Wednesday, September 18, 2019

Town hall addresses concerns about opioid clinic

A town hall meeting designed to allay concerns about an opioid treatment center drew a large crowd in Westland last week.
The new facility met the requirements of both the planning commission and city council and was approved for the former Montana's Steakhouse site at 34290 Ford Road. Council members James Hart and Peter Herzberg cast the only dissenting votes on the new facility.
Following approval of the site, residents appeared at a council meeting to protest the decision prompting Mayor William R. Wild and the council to schedule the public meeting to provide information and address concerns of residents who protested that the facility would be too close to two schools, an apartment complex and a cemetery. and that other locations would be more desirable.

Dr. Andrea Barthwell, a consultant planning the treatment facility attended the meeting and answered questions from those in attendance. Barthwell has spent nearly her entire career working with addictions and served under former President George W. Bush in the the Office of National Drug Control Policy. Also in attendance was the building owner, Dr. Naim Khanafer.
In response to questions about the location, Barthwell told the audience that a certain square footage was necessary to support the program which is treatment with medications. She explained that the facility needed a commercial kitchen, a specific number of bathrooms and community space which made the site ideal for adaptation into a clinic.
Khanafer commented that he felt there is a great need in Westland and that the city had long been his choice even though he had been approved for a clinic in Waterford. He said after two years of research, they discovered that the core of the opioid problem in Wayne County, outside Detroit, is in Westland, Garden City and Dearborn Heights.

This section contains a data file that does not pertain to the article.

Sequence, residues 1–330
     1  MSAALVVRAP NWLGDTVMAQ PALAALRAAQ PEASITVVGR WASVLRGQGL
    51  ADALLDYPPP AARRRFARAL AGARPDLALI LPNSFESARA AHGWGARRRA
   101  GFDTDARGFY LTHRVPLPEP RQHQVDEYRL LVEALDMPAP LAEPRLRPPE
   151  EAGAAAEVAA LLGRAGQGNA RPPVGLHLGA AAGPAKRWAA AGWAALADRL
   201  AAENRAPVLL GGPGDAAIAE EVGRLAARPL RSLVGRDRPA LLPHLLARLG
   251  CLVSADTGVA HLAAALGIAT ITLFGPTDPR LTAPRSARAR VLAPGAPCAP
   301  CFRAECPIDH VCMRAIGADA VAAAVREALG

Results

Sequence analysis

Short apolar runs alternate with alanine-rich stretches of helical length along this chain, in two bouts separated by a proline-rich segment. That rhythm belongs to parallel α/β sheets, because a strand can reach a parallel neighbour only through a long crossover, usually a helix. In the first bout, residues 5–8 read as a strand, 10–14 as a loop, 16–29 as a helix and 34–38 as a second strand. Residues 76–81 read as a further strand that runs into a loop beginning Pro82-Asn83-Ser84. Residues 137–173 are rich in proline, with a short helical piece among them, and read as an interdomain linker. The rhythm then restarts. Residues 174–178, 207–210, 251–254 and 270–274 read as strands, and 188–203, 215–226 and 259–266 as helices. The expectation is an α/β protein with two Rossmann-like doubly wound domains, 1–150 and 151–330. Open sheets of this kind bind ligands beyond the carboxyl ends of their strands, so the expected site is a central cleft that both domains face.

Barthwell explained that patients would be under constant supervision and would only be granted legitimate leave. She said none of the patients would be out on the street. She explained that to leave a facility of this nature, a patient was required to be escorted to a safe location.
She said patients will be subjected to background checks and that the facility has the right to turn patients away. The facility will be federally and locally regulated, she said.
Repeated questions regarding security prompted Khanafer to offer to have a security guard on-site at all times and to add video surveillance of the property.
Wild noted that the city has already approved the project and cannot withdraw that action. He admitted that he, too, “had doubts” when the project was proposed but urged the audience to give the facility a chance.
“I think we all agree that there's a need,” Wild said. “Cities not just in Michigan but all across the country. I do a lot with mayors on a national level and the biggest issue facing mayors in cities across the United States right now is opioids.”